(This is a personal post and reflects solely the views and opinions of the author. It is in no way a product or reflection of class discussions.)
As a Marine fighting on the front lines of America’s war on terror, I observed firsthand the life changing effect of helping someone build hope for the future and the power of tolerance, understanding, and discourse in achieving that hope. Unfortunately, too many times I also observed the terrible price to be payed in the absence of tolerance, understanding, and discourse, when hope is gone. The events which occurred in Cairo and Benghazi epitomized that loss of hope.
Today, America is mourning the loss of four brave citizens who, last night, became the latest victims in a long and bloody war. Not the war on terrorism, which was launched 11 years ago in response to the vicious attacks of 9/11, but a war that Michael Collins Dunn, editor of the Middle East Journal, calls a “clash of ignorances“. A war fought between the “rabid Islamophobes” on one side and the “most extreme Islamists” on the other. In a war void of tolerance, understanding, and discourse these four brave Americans fell victims to a loss of hope.
Recently, tolerance has been confused with acceptance. It is assumed that to be tolerant of someone is to accept and excuse even their most heinous acts. This is far from true. Tolerance should not be a reactive trait, but a proactive one. Tolerance is knowing that someone believes differently than yourself and treating that difference with respect. Tolerance does not offend the freedom of speech but should act to strengthen it, to ensure that our freedom is used to better our world, not tear it apart. Certainly, the makers of the film The Innocence of Muslims were well within their right to vocalize their opinions, a right that I cherish and watched many pay dearly to defend, but we must question if their motives. The filmmakers own words lead one to assume his motives were malicious. The motives of the violent Muslim extremists who stormed the American embassy in Cairo and murdered four American diplomats in Benghazi were clear, and certainly absent of any tolerance.
Understanding does not come naturally. It is difficult to imagine ourselves in the shoes of another. As one becomes tolerant of someone else he is able to begin to understand the thoughts, motives, and history behind their beliefs. As the American public reacts to events of the past 24 hours, it is necessary to understand that the small group of perpetrators represent an infinitesimally small percentage of the world’s Muslims. It is necessary to understand the reasons why a militant faction in Libya may want to hijack a revolution by attacking an American consulate. Conversely, it is necessary for every militant extremist of any faith or creed to understand the deeply held right of freedom of speech. They must understand that the speech of one rarely equals the speech of many. When we are able to tolerate the views of another we can then move forward to understand their positions.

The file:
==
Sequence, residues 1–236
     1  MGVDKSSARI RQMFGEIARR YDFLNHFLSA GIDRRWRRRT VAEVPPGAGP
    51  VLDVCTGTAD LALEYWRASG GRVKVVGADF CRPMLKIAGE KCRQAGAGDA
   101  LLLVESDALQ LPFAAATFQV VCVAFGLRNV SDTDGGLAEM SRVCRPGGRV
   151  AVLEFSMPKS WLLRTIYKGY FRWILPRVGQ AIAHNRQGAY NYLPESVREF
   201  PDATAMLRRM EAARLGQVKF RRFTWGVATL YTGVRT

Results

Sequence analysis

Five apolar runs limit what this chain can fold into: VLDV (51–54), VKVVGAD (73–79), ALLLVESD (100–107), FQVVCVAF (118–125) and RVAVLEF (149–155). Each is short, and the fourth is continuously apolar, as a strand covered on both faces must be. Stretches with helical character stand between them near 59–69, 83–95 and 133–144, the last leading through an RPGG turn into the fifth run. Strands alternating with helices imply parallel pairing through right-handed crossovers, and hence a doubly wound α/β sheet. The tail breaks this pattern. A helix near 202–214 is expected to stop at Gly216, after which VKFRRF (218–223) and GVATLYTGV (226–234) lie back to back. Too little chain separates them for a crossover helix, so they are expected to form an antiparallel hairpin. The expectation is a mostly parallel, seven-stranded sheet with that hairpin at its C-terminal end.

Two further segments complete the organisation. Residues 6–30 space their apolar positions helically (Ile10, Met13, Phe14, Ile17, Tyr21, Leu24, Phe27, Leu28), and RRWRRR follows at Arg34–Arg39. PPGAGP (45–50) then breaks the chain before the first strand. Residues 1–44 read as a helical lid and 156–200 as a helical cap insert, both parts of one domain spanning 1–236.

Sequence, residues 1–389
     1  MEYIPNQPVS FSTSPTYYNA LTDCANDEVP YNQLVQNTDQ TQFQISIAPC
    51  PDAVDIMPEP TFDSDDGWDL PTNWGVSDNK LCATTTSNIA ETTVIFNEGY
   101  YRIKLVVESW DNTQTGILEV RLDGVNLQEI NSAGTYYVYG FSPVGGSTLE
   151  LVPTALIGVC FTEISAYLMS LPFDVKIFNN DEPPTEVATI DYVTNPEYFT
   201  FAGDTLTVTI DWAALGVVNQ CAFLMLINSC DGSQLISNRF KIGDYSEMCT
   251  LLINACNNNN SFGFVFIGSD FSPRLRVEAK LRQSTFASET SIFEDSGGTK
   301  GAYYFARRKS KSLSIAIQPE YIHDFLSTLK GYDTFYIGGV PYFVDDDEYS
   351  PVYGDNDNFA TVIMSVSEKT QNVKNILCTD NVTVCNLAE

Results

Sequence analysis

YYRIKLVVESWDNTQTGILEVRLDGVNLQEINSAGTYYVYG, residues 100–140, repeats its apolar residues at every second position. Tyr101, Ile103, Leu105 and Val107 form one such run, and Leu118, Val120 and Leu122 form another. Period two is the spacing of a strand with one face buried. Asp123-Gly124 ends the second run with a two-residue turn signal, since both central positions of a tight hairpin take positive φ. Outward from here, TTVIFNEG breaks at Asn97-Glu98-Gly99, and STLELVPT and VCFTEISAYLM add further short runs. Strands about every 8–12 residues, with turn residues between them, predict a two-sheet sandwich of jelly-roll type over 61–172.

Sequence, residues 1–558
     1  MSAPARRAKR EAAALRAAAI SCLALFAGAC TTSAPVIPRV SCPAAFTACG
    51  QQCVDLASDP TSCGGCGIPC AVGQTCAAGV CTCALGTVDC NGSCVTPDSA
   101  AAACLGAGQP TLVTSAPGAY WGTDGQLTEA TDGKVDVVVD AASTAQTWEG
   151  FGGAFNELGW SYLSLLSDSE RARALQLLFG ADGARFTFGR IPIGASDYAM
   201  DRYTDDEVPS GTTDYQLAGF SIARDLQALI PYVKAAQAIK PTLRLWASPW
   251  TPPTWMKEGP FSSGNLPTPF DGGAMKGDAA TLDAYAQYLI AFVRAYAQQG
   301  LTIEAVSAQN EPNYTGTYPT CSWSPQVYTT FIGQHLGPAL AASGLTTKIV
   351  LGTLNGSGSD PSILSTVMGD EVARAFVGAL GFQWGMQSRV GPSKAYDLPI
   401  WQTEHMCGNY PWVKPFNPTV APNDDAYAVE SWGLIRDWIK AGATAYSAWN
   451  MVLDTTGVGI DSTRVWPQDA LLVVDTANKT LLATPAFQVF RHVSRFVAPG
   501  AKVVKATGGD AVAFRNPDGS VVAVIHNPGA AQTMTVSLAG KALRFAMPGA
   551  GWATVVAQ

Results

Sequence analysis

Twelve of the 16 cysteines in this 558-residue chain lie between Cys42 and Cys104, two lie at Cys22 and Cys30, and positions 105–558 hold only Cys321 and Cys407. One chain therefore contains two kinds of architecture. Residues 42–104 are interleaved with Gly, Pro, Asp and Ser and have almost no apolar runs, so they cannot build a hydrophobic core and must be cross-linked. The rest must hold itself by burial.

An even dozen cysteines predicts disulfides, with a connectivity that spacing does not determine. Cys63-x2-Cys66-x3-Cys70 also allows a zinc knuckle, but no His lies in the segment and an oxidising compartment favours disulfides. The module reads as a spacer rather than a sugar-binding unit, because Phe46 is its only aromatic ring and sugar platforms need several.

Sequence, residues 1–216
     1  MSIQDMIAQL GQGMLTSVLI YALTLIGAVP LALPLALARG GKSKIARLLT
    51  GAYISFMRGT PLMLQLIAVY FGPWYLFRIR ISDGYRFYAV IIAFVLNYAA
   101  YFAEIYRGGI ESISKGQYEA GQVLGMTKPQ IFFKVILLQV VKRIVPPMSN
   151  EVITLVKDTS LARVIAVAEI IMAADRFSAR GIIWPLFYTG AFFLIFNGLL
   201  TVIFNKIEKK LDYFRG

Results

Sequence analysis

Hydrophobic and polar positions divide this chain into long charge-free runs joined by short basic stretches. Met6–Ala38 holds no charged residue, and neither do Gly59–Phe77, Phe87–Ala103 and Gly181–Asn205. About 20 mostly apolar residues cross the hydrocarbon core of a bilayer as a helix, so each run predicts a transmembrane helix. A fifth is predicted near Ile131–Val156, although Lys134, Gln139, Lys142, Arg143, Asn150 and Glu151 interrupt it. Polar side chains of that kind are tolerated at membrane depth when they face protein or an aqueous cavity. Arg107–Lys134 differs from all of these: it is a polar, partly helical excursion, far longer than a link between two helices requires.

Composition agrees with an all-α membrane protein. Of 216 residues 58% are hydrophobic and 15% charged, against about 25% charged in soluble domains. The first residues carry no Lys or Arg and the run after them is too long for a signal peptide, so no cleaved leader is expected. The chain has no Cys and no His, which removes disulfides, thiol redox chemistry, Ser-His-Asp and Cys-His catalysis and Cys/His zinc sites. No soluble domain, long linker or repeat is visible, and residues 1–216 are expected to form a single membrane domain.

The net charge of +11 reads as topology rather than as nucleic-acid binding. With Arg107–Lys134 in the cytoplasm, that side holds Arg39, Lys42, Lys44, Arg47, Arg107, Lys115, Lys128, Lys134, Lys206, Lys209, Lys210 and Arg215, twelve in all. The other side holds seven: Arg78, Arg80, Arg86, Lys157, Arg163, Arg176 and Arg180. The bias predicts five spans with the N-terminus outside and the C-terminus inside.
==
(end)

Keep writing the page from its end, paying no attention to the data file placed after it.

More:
The outcome of tolerance and understanding is discourse. Unsuccessful discourse, due to a lack of tolerance and understanding, brings an evaporation of hope. The peoples of the Middle East and North African region have begun to see glimmers of hope. In countries like Tunisia, Egypt, and Yemen, young men and women can visualize a future free from fear and oppression. Today, a new prime minister was elected in Libya, a continued signal of change brought about by the Arab Spring. American investors, eying new opportunities, visited Egypt this week as part of the largest trade delegation to the region. There are positive changes happening across the region and we must act with tolerance and understanding to facilitate a successful discourse and help keep the flame of hope alive.
Unfortunately, events like those in Cairo and Benghazi, as well as the politicization of U.S. responses and the inflamed speech of angered populations will combined to tear apart the hope still visible today. Ambassador Stevens believed in this hope, and so should we. Loved by Libyans because he arrived during their revolution and suffered beside them, Ambassador Stevens was a perfect example of the power of tolerance and understanding. The torch now passes to us. Will you stand up and believe in the power of tolerance and understanding, as Ambassador Stevens did? Will you refuse to grant this “clash of the ignorances” the ability to dictate how we will view each other?
On a personal note: A very good friend once reminded me that while America’s soldiers return home from the battlefield and are greeted with parades and parties, America’s citizen soldiers, her diplomats, foreign servants and civil servants quietly serve their tours and return home in silence. Many have sacrificed their lives with the same pride and honor as those in our armed forces. Please, take a moment to remember the thousands of Americans serving around the world who work without a uniform to spread America’s message of freedom and stand up for victims around the globe. Better peace than war.